You can’t control your age
Like most diseases, colorectal cancer risk increases as you age. The likelihood of a diagnosis increases after the age of 40 and rises sharply after age 50, says Eyal Meiri, MD, interim chief of medical oncology at Cancer Treatment Centers of America in Atlanta. “The concern of late, however, has been the increasing incidence of colorectal cancer in young adults,” he says. This finding has led to the American Cancer Society’s change in recommendations for colorectal cancer screening at 45 instead of 50.
You can control whether or not you smoke
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Cigarette smoking is responsible for a myriad of illnesses, many of which are fatal, and colorectal cancer is one of them. In fact, research shows that the risk of colon cancer jumps 19 percent in women smokers and 8 percent in male smokers. “Some studies show even a few cigarettes a day can increase your risk for colon cancer, let alone other malignancies, so just don’t start,” says Dr. Shah.
You can’t control a history of inflammatory bowel disease
“Those suffering from inflammatory bowel disease (IBD), including Crohn’s disease or ulcerative colitis, tend to have chronic inflammation in their colon and intestines, which can increase the risk of colorectal cancer,” says Dr. Ravella. “The increase in the risk of colon cancer begins several years after the initial diagnosis and is especially pronounced in patients with large areas of the colon affected, the longest disease duration, and in those with active inflammation.” For this reason, all patients with IBD should talk to their gastroenterologists about when to start screening for colon cancer. Plus, don’t miss these 50 rampant cancer myths you need to stop believing.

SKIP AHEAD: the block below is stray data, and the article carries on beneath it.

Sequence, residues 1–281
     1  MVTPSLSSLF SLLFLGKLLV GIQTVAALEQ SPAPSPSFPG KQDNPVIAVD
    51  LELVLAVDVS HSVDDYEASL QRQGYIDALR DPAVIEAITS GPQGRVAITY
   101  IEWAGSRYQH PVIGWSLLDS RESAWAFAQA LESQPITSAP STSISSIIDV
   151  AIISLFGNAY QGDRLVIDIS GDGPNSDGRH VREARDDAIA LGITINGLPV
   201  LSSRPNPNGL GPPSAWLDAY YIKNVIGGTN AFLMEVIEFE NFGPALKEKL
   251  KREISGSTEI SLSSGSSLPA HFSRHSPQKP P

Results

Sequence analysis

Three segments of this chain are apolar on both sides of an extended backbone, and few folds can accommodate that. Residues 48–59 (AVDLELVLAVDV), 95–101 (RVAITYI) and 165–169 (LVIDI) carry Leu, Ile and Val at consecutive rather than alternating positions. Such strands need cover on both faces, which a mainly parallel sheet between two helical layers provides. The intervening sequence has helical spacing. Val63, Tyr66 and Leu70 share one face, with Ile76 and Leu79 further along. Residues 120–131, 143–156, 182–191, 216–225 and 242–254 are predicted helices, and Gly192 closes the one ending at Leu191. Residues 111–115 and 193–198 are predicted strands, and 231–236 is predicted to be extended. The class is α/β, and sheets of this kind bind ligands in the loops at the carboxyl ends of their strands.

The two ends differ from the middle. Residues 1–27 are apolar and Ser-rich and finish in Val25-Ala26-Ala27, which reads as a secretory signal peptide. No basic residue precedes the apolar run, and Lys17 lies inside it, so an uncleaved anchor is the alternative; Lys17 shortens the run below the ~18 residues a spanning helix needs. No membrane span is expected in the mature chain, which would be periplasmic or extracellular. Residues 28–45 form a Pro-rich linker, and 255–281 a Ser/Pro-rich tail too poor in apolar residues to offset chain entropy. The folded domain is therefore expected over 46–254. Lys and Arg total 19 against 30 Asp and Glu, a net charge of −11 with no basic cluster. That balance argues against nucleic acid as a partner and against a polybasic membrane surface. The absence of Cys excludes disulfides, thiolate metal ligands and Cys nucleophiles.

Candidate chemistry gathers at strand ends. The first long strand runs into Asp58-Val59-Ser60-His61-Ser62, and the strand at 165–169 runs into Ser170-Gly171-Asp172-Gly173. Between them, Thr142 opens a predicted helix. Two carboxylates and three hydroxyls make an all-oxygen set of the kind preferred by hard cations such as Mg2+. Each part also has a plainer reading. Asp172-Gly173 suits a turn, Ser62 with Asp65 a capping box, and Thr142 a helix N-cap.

You can control how much alcohol you drink (and how often)
Too much alcohol is another vice that can have severe health consequences including colorectal cancer. One analysis of studies found that heavy drinkers raised their colorectal cancer risk by 37 percent compared to non-drinkers, and even light drinkers had a 7 percent increase in risk. “Particularly, alcohol use is associated with younger onset of colorectal cancer that is usually found in the left side of the colon,” says Dr. Meiri.
You can control how often you eat garlic and onions
Allium, a substance found in garlic, onions, shallots, chives, scallions, and leeks seems to lower the risk of colorectal cancer, likely by defusing carcinogens and interrupting blood supply to tumors. Research published in the Asia-Pacific Journal of Clinical Oncology matched 833 people with the cancer to the same number of healthy people of about the same age, sex, and other demographics. After comparing diets, the researchers found that people who ate plenty of allium-containing vegetables had 79 percent lower risk of colorectal cancer, compared to those whose diets were largely allium-free. “It is worth noting that in our research, there seems to be a trend: The greater the amount of allium vegetables, the better the protection,” said senior author Dr. Zhi Li of the First Hospital of China Medical University in a news release. Load up on these other 30 foods proven to help prevent cancer.